A worse case scenario, however, is when creatives have finished a project and hear dreadful crickets when the final invoice is sent. Luckily, there are a few ways that you can prevent this from happening in the first place …
01. DON’T SEND OFF FILES WITHOUT PAYMENT Whatever you do, don’t do this. Sure, you may trust your client, but that won’t stop a shady person from taking advantage of you by running off. But if they are required to pay first, then you’ll never have to worry about it. So just do it!
02. BUILD LATE FEES INTO YOUR CONTRACT People don’t want to pay more than they have to, which is exactly why late fees are such a smart strategy. It not only protects you, but encourages your clients to pay on time. To help explain, here is exactly what I use in my contract:
“The Client agrees to pay the amount owed within 15 days of receiving the invoice. Payment after that date will incur a late fee of 5%, each month, on the outstanding amount.”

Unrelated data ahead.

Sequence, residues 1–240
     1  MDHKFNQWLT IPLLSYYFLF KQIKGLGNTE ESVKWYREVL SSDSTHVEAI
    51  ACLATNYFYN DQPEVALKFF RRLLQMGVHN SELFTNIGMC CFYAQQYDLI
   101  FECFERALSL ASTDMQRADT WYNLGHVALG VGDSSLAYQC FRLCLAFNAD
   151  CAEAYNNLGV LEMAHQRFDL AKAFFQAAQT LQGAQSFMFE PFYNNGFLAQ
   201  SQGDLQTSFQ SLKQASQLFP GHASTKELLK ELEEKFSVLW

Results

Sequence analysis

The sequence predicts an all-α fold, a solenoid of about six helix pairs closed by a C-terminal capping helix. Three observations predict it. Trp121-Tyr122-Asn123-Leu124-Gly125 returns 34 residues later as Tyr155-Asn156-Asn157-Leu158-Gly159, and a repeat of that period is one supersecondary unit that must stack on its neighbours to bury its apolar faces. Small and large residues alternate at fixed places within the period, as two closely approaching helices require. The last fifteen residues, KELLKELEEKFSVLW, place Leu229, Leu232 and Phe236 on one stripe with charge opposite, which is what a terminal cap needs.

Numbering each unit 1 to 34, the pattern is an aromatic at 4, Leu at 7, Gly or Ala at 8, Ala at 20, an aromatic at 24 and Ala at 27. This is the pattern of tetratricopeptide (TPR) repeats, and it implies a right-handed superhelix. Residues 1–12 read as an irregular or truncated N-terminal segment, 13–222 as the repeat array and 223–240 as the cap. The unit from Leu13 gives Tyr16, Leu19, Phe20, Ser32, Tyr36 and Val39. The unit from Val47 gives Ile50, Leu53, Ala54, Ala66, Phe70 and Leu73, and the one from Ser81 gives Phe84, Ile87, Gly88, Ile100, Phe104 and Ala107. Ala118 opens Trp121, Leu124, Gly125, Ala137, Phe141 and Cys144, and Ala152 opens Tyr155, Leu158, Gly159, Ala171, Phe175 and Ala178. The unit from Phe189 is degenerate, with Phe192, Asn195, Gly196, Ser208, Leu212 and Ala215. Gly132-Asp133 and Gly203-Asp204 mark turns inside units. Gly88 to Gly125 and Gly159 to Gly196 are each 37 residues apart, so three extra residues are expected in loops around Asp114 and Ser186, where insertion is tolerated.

If none of this phases your client, and they continue not to pay, you have every right to pursue them legally. Hell, even an email that warns them of upcoming legal action may be enough to scare them into paying you appropriately (late fees included).
But please, remember that this type of client is extremely rare. I’m sharing all of this so that you have your bases covered and don’t have to worry. ;)
As I mentioned earlier, this is by far the most common type of client that goes silent, most likely due to their own life getting in the way. Or at the very worst, if they’re just plain old bad at communicating.